Justice Dibotelo rejected Skelemani’s Judge bid



• Former Attorney General and Minister sought to be appointed judge

• Skelemani confirms that Dibotelo ignored his bid to assist the judiciary

• Dibotelo says he is not willing to speak on the issue

• Says he doesn’t see any value added by the PSP in the Judicial Service Commission

The former Chief Justice, Maruping Dibotelo rejected former Minister and Attorney General, Phandu Skelemani’s bid to be appointed to the bench at a time when the judiciary was marred in controversy following the suspension of four judges.

Skelemani met the then chief Justice, Dibotelo following several appeals to him by some high-ranking government officials to consider joining the judiciary to assist temporarily or permanently.

Skelemani confirmed meeting Dibotelo, “it is true that I met the then Chief Justice-Dibotelo in a bid to assist the judiciary through my services and secondly with backlog of cases then,” he confirmed. Skelemani said he was compelled by nothing more but to assist his country following numerous appeals to him by people he declined to name and “of course some members of the public.” The former Attorney General revealed in an interview with this publication that “I told the Chief Justice that I am available on call, shared with him my credentials to assess with his Judicial Service Commission and make a determination on whether they can engage me or not.”

Skelemani earned his law degree from the University of Botswana, Lesotho and Swaziland and worked in the civil service for 30 years beginning when he became a Senior State Counsel in 1975, Principal State Counsel in 1978, and Attorney-General in 1992 before moving to politics.

According to Skelemani he allayed Dibotelo’s concerns over his involvement in politics by showing the Chief Justice that he had not been involved in active politics since his departure from the political arena in 2014 and had declined calls to assist in campaigns or participate in any party structures, as he believes he is done with politics.

“I have proved my rectitude as a prosecutor and attorney general and prosecuted my own daughter and uncle who I visited the following day now under the family hat. My uncle was sentenced for murder.”

When asked about his meeting with Skelemani, Dibotelo said he was not willing to discuss the matter, “I will not speak about that matter. As you may be aware I have retired,” he said before abruptly closing the discussion.

Skelemani revealed that since his meeting with Dibotelo he did not receive a response and said he did not have a problem with it. A lawyer by profession, Skelemani says he has been reluctant to open a law-firm and will not do so any time soon.

Asked about his views on Dibotelo’s handling of the four judges case, he said “I have been taught from day one as a lawyer that you do not make judgement over a matter whose facts and circumstances you do not know.”

He continued: “However it was out in the open that the chief justice had opened the judiciary to public mockery over a matter he should have handled meticulously and prudently. I mean who reports his judges to police?”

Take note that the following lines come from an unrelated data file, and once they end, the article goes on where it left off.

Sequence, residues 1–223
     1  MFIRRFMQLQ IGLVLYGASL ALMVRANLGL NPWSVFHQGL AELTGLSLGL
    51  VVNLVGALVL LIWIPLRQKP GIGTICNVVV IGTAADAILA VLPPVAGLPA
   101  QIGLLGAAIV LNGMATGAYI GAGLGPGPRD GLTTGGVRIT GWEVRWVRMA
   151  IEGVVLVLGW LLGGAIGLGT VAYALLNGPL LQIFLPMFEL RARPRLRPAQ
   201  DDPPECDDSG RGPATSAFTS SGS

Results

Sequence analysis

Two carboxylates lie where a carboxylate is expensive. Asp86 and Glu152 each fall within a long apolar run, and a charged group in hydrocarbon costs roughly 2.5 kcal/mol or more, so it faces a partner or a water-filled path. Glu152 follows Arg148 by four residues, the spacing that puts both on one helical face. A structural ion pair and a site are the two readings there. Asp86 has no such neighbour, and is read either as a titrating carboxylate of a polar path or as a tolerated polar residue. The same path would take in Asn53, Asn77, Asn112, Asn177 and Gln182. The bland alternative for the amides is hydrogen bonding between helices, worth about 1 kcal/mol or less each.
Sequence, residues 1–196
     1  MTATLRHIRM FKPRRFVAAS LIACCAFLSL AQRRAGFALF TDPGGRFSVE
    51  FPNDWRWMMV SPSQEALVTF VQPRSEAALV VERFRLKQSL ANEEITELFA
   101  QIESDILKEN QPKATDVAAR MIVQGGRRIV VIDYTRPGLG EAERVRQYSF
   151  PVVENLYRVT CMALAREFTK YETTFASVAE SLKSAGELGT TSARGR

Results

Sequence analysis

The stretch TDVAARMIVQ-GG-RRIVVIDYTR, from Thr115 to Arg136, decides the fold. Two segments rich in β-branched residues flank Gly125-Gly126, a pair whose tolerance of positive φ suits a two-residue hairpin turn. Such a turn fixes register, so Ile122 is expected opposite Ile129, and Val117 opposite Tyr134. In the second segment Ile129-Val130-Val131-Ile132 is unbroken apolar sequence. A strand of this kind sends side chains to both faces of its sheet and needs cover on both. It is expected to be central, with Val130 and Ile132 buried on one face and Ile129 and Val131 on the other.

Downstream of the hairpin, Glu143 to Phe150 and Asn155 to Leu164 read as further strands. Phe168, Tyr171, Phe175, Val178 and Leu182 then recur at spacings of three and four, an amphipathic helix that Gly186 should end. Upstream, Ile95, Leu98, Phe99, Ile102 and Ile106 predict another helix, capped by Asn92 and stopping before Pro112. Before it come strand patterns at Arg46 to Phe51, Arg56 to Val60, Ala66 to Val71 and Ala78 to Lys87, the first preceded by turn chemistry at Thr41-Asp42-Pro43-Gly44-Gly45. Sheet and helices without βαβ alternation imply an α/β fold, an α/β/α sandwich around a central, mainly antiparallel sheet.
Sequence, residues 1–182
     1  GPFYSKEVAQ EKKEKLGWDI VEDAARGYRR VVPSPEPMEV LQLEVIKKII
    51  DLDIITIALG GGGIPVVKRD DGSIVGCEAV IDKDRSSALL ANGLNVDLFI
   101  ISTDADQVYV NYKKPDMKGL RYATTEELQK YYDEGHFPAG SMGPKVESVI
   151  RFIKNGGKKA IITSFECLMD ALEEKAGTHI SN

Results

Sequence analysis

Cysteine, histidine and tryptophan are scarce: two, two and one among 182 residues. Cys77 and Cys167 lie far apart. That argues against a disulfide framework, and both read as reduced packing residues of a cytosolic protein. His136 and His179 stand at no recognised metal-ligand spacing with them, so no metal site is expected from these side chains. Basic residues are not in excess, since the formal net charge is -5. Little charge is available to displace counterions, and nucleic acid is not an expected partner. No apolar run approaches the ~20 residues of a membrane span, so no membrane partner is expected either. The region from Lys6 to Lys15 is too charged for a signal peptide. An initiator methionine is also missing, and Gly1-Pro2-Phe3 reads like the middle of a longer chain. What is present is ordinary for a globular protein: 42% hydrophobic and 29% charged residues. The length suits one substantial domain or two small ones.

On the PSP being a member of the Judicial Service Commission, the former Attorney General said the truth of the matter is that the Permanent Secretary to the President does not add any value to the Commission, “I do not have a problem with it if it is provided for but the question is what value does he add? I personally don’t find any. He is just an elephant in the room,” he said.

He speaks highly of former president Festus Mogae and says “Festus was a true democrat. You will argue fiercely with him and even decline his preferences and he will appoint you a Minister of Presidential Affairs the following week because he did not personalise public office.” According to him this was because “he was groomed by the civil service as he rose through the ranks to the presidency.”

On his stay at the Ministry of Foreign Affairs and his attacks on foreign head of states, he says, “I don’t take nonsense. If you are wrong, you are wrong, and we must say it if we have satisfied ourselves that you are wrong. That’s where myself and former President Ian Khama clicked.”

He urges oversight institutions to have a backbone and take unpopular decisions where necessary and not fear anybody. “We have good laws in Botswana, but the problem is the human element. Departmental leaders must be brave and highly principled to maintain public trust in their institutions,” he says.

On Khama and Masisi fallout: “We don’t know what is going on there but I think he must know that Masisi is the president now and deal with it. The sooner the better. On Isaac Kgosi I think he is right, he deserves to know why not Kgosi. If it is a national security issue, Masisi must come out and tell him that he cannot divulge the reasons because it is a national security issue. You don’t compromise on security issues. But why does Khama badly want a person who the president doesn’t want in his public service?” Skelemani asked rhetorically. He concludes by saying he is now preparing to go into farming and survives on his investments and pension.